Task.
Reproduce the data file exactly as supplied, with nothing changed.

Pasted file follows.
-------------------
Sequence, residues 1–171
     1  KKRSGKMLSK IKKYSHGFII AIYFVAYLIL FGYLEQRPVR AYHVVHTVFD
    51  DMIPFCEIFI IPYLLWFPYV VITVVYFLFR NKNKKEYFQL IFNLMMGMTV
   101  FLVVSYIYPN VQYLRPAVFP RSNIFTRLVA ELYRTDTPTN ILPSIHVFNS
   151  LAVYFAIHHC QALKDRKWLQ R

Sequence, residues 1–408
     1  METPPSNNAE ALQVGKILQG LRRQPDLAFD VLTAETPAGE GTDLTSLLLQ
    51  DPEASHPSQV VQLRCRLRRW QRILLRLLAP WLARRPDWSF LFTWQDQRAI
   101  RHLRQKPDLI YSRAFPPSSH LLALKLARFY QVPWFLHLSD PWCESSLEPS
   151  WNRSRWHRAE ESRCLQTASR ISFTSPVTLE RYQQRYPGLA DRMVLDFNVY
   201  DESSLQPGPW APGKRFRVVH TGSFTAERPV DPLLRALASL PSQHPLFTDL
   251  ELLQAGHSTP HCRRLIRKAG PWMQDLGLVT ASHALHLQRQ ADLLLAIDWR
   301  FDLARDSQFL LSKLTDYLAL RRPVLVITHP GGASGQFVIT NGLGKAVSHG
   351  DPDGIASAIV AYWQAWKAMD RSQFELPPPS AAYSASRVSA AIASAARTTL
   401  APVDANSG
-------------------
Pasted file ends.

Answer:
Sequence, residues 1–171
     1  KKRSGKMLSK IKKYSHGFII AIYFVAYLIL FGYLEQRPVR AYHVVHTVFD
    51  DMIPFCEIFI IPYLLWFPYV VITVVYFLFR NKNKKEYFQL IFNLMMGMTV
   101  FLVVSYIYPN VQYLRPAVFP RSNIFTRLVA ELYRTDTPTN ILPSIHVFNS
   151  LAVYFAIHHC QALKDRKWLQ R

Sequence, residues 1–408
     1  METPPSNNAE ALQVGKILQG LRRQPDLAFD VLTAETPAGE GTDLTSLLLQ
    51  DPEASHPSQV VQLRCRLRRW QRILLRLLAP WLARRPDWSF LFTWQDQRAI
   101  RHLRQKPDLI YSRAFPPSSH LLALKLARFY QVPWFLHLSD PWCESSLEPS
   151  WNRSRWHRAE ESRCLQTASR ISFTSPVTLE RYQQRYPGLA DRMVLDFNVY
   201  DESSLQPGPW APGKRFRVVH TGSFTAERPV DPLLRALASL PSQHPLFTDL
   251  ELLQAGHSTP HCRRLIRKAG PWMQDLGLVT ASHALHLQRQ ADLLLAIDWR
   301  FDLARDSQFL LSKLTDYLAL RRPVLVITHP GGASGQFVIT NGLGKAVSHG
   351  DPDGIASAIV AYWQAWKAMD RSQFELPPPS AAYSASRVSA AIASAARTTL
   401  APVDANSG